The serial’s chapter endings are surprisingly colorful, and are usually resolved with more imagination than in many preceding Universal serials (both 1930s and 1940s outings), in which protagonists simply lived through disasters. Some of the standout sequences have heroes Russell Hayden and Keye Luke caught in a collapsing temple, Hayden trapped in a tomb filling with poison gas, heroine Jane Adams tied in front of a gun that will fire when two mechanical elephant statues touch, Hayden facing execution in a native guillotine, Hayden trapped in a burning room as Lionel Atwill gloats over the radio, and Hayden taking a long fall into a fearsome fire pit after a fight with George Lynn and Dick Curtis. Most of the serial’s physical action takes place during these cliffhanger sequences, since it generally takes a lot of dialogue to lead up to the chapter endings; fistfight scenes are extremely sparse, although such action is handled well by directors Ray Taylor and Lewis D. Collins when it does appear.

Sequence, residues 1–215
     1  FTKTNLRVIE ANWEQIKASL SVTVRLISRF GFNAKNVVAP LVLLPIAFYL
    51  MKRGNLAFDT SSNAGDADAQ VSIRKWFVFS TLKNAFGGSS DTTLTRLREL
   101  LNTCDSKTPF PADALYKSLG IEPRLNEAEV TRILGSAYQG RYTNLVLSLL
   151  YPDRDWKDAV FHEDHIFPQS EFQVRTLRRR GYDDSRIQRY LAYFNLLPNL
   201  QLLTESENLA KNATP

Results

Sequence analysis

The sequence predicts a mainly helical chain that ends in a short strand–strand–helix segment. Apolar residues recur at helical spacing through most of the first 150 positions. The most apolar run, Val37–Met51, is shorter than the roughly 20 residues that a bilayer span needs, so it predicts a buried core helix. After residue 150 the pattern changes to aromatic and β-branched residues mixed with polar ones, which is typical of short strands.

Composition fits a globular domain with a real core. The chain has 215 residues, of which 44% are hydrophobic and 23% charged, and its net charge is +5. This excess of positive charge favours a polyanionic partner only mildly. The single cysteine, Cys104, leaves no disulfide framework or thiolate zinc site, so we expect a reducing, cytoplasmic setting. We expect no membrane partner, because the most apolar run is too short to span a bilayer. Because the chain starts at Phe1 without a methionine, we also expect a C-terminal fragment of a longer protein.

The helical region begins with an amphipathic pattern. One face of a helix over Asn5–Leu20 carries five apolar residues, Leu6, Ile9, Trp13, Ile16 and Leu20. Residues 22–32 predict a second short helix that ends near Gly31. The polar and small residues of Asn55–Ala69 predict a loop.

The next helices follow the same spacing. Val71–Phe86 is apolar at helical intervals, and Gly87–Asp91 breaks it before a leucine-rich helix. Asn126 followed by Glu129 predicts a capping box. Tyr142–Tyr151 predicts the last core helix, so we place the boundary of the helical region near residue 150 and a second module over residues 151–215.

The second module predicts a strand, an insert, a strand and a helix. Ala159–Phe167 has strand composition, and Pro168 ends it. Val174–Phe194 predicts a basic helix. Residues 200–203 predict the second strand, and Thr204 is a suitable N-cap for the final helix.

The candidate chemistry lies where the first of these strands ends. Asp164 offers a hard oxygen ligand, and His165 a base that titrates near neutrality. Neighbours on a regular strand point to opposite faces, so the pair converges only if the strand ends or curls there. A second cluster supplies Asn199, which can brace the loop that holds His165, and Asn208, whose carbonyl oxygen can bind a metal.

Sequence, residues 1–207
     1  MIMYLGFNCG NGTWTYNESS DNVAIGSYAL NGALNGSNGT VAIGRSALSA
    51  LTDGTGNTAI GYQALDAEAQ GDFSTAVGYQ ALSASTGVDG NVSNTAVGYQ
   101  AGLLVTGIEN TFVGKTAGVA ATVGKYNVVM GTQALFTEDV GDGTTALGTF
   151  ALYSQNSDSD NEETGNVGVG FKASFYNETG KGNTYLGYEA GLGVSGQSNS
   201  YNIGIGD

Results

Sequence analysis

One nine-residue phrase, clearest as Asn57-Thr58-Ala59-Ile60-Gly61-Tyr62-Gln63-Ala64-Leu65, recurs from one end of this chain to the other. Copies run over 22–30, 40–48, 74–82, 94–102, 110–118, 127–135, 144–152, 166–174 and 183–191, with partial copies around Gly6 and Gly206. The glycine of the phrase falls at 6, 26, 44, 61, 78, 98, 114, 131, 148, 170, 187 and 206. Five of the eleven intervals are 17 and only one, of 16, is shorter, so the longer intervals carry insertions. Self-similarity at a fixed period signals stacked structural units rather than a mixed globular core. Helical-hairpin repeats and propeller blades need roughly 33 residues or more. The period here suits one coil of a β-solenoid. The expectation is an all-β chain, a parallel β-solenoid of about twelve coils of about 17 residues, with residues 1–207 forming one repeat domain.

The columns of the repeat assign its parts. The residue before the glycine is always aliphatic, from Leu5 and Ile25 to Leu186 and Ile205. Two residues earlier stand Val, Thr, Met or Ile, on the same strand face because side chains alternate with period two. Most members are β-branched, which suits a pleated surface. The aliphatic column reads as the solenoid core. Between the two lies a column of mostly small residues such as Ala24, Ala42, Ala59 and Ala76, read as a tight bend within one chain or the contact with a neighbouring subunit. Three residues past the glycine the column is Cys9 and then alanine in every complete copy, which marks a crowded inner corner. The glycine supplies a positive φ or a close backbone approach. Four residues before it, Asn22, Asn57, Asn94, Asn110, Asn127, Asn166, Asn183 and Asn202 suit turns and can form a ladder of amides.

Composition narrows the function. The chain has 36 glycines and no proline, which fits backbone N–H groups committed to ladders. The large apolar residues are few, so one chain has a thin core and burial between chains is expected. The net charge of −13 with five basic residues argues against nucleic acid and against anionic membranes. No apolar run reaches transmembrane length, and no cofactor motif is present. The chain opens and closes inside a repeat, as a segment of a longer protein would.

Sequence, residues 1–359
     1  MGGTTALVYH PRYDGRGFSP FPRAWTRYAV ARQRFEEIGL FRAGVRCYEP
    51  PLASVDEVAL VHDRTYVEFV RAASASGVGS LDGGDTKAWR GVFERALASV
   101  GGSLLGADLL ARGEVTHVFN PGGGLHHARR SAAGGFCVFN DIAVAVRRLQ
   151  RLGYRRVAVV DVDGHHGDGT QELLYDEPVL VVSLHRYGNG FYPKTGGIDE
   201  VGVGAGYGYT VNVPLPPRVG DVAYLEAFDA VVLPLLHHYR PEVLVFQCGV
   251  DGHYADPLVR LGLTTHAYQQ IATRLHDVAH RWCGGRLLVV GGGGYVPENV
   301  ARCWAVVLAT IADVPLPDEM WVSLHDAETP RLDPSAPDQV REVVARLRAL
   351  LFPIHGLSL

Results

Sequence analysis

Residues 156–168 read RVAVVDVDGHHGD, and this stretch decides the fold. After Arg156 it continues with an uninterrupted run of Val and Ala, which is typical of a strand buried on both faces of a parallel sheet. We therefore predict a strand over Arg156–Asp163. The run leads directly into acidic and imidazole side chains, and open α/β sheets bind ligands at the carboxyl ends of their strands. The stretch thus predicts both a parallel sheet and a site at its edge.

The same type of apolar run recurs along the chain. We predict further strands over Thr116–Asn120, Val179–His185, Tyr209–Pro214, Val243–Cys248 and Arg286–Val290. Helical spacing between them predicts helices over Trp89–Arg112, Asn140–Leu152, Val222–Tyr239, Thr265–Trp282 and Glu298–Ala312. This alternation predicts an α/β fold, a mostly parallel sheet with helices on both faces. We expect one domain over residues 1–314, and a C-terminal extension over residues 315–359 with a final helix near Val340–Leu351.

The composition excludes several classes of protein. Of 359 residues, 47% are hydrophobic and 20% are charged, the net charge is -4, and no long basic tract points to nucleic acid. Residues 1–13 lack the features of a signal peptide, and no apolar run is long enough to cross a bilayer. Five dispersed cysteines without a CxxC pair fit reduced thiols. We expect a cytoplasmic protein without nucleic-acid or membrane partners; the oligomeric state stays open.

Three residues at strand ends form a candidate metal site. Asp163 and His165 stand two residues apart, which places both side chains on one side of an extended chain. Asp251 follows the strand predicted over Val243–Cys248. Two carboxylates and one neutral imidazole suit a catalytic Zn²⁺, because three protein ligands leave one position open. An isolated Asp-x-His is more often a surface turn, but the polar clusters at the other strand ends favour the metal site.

This scarcity of incidental action scenes is partly compensated for–even during the serial’s plodding first half–by the interesting settings that our heroes and villains move through. Pendrang is the best kind of exotic serial locale, a jumbled but colorful region in which Egyptian-style tombs, jungles filled with Oriental-looking tribesmen, a riverfront area inhabited by American thugs, a populous and decidedly Arabian metropolitan area, and a glitzy modern casino can believably co-exist. Some of the serial’s “local color” is supplied by stock footage from Universal’s Jon Hall/Maria Montez exotic adventure films, but most of it is established through the extensive use of handsome sets built for Universal’s bigger-budgeted features; the twisty and sloping streets of Zalabar (Pendrang’s main city) and the ancient tunnels in which clues to the Glowing Goddess are concealed are particularly impressive.